While the presidential candidates have been discussing values and downplaying personal religious beliefs, faith is front and center in the race for Ohio’s 5th Congressional District.
The Democratic challenger, Rev. Angela Zimmann, is an ordained Lutheran minister and the incumbent, Republican Bob Latta, is a Catholic who attends congressional prayer meetings and promotes the core values of “faith, family and community.”
“A person without a religious faith can still be a person of integrity,” Zimmann said in a recent interview, “so I wouldn’t say that if you don’t have faith you don’t have values. But I know for myself my faith influences my values. Being from the Christian faith, our values are to care for the needy. The Bible talks about helping the elderly and the widows, and I see that as an analogy for helping anyone who doesn’t have their needs met.”
Latta said he’s “a firm believer that you’ve got to have a true faith value in everything that you do. It starts with faith in God, family and country.”
The Libertarian candidate for 5th District, Eric Eberly, is a member of St. Mark’s Evangelical Lutheran Church in Bowling Green.
Zimmann, 39, is the pastor of Trinity Evangelical Lutheran Church in America, a small church just over the Ohio line in Riga, Mich.
To the best of her knowledge, she said, she is the only female pastor seeking federal office this year. (Researchers at Congressional Quarterly and the Pew Forum on Religion and Public Life said they knew of no other female ministers running for Congress, but could not say definitively.)
Zimmann spoke with Bishop Donald Kreiss of southeast Michigan and Bishop Marcus Lohrmann of northwest Ohio before announcing her candidacy.
“It was all conversational, not hierarchical,” she said. “Both bishops were supportive and said the church should be more involved in the public forum and listening and participating in the process.”
With her church being in Michigan and her political campaign in Ohio, Zimmann’s church and state are literally separate. But she talked with church members before running for office.
“It’s a pretty conservative little congregation,” she said, with about 100 people on the rolls and Sunday attendance averaging between 40 and 50.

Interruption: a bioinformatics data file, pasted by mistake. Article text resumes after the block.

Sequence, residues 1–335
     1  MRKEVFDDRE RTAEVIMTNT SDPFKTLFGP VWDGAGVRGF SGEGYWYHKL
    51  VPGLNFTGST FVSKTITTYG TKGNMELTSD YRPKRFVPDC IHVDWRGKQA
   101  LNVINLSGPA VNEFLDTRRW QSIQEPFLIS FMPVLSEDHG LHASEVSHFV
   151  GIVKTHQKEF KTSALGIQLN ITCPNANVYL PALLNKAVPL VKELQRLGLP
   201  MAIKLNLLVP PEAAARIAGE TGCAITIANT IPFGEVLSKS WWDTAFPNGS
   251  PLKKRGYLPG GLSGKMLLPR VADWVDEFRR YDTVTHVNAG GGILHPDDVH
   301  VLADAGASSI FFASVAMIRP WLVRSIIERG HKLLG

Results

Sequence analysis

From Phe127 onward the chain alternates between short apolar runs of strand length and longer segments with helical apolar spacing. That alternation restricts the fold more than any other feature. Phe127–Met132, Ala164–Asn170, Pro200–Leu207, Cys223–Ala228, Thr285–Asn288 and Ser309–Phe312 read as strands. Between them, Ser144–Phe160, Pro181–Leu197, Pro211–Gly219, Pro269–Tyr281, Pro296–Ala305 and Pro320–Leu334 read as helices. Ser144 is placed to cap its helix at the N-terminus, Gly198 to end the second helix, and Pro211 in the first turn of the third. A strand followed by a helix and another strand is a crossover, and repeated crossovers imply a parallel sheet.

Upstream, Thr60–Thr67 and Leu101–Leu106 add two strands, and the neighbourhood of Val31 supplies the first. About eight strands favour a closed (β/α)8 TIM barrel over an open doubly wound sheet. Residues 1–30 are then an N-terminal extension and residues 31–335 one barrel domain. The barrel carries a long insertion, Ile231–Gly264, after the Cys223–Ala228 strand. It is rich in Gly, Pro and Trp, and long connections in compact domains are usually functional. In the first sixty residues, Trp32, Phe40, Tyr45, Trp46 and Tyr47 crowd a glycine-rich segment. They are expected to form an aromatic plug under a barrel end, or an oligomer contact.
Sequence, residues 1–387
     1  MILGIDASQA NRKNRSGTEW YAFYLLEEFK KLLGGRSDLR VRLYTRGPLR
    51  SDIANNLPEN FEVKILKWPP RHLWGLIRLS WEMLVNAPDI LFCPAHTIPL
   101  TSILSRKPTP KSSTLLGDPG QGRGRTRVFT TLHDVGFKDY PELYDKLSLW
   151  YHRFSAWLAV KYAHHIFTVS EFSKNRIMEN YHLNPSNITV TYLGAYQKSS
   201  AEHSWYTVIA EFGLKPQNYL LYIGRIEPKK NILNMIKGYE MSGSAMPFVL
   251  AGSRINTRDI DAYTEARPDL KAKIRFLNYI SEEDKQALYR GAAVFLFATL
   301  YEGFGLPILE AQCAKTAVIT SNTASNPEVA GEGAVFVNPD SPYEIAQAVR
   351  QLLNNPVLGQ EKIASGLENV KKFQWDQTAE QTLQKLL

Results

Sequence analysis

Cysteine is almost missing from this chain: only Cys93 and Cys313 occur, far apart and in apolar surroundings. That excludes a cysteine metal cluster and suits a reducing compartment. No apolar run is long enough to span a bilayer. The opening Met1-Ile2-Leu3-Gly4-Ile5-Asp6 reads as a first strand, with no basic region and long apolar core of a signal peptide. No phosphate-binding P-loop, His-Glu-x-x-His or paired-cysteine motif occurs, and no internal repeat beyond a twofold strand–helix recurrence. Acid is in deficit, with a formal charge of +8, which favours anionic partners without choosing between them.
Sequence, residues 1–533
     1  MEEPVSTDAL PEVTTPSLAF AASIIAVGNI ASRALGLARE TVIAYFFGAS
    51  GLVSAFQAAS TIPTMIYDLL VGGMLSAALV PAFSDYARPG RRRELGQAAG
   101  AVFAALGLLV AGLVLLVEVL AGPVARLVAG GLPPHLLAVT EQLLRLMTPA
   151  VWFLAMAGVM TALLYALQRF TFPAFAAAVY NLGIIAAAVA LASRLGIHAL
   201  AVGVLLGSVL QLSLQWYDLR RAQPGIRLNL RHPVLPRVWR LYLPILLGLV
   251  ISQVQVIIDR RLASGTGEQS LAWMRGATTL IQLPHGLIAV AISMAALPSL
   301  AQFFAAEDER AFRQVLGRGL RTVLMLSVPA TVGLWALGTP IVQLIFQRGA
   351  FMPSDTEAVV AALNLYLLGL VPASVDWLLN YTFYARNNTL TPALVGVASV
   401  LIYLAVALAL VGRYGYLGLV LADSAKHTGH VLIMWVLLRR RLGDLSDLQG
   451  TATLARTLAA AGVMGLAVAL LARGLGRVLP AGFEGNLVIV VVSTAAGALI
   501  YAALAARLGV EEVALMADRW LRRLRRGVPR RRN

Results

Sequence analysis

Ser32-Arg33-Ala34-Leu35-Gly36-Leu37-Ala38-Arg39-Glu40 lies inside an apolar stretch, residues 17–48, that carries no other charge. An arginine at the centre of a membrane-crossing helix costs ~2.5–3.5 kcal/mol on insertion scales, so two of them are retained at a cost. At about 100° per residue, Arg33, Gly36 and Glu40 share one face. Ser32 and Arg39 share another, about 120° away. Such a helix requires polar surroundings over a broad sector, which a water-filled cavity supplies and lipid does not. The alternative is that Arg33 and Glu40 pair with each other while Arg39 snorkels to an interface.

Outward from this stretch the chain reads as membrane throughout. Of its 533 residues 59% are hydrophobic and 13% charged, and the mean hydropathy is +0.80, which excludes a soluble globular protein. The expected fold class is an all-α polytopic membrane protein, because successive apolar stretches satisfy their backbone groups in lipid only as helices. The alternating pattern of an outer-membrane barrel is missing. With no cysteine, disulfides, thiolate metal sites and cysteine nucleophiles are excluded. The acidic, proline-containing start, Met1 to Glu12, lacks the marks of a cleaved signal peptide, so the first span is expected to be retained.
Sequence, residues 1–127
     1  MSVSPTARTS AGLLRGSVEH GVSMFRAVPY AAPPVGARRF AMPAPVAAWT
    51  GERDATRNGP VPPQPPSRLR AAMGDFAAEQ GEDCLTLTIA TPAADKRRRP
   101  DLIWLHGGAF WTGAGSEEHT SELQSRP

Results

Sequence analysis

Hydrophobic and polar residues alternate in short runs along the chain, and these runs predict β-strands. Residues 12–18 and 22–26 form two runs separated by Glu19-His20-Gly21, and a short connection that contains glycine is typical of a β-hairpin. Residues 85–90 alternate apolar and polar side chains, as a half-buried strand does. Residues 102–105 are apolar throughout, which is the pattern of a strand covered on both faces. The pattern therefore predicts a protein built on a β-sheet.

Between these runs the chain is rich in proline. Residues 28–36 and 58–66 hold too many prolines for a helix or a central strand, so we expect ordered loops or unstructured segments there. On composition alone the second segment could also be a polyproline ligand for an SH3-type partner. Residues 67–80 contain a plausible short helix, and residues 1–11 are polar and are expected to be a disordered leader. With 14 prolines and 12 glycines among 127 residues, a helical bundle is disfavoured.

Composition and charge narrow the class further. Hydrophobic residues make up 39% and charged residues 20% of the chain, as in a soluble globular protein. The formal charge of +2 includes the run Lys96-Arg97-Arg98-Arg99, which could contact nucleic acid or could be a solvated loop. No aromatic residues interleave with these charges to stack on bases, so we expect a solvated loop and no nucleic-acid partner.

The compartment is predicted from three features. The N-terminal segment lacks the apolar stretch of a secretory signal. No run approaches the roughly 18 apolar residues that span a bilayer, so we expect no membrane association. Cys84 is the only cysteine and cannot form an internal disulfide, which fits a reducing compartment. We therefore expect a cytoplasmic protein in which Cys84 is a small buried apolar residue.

“There are more registered Republicans than Democrats for sure, but they’re pretty open and affirming. We’ve had conversations with the parishioners and many of them said, ‘We’ve vote for you even though we’re Republicans because you are an independent thinker’.”
But politics is not a big topic at Trinity.
“We don’t talk about it on Sunday morning. We’re there to worship and that’s what we do,” she said.
Zimmann, who has a doctorate degree in rhetoric, gave up her job teaching writing at Bowling Green State University to run for Congress. But she has kept her part-time job at Trinity.
“I have not missed a Sunday,” she said. “And my plan, and my bishop’s plan, is that even if I’m elected I will continue as their pastor because most weekends I’m going to go to church anyway.”
She has a ready stand-in if there’s a scheduling conflict: her husband, Martin Zimmann, also an ordained ELCA minister.
If elected, she said she will be on guard to not let politics corrupt her faith.
“I’m not going to say, ‘Oh no, I’m incorruptible. I’m above that.’ I think that’s when we become most susceptible,” Zimmann said. “Absolutely I’m worried. I pray. I’ll be on guard. I’ll be asking people around me to watch, monitor, be truthful and hold me accountable.”
Latta, 56, said his father, former Republican U.S. Rep. Del Latta, is a member of the Church of Christ and his mother is a Catholic.
He serves as an usher at St. Thomas More University Parish in Bowling Green and attends congressional prayer breakfasts in Washington on Thursdays whenever possible.
“You have got to know where your principles come from. If you don’t have principles to begin with, you can’t do this job,” said Latta, who has been in Congress since 2007.
“You’ve got to have your foundation to do what you believe in to be a good representative.”
He said both houses of Congress have chaplains and every congressional session opens with prayer.
“That goes back to 1789, when we first had a chaplain in the House,” Latta said. “And a lot of people do not realize that we have what might be called a chapel right off the Rotunda at the Capitol Building and I know that it’s utilized.”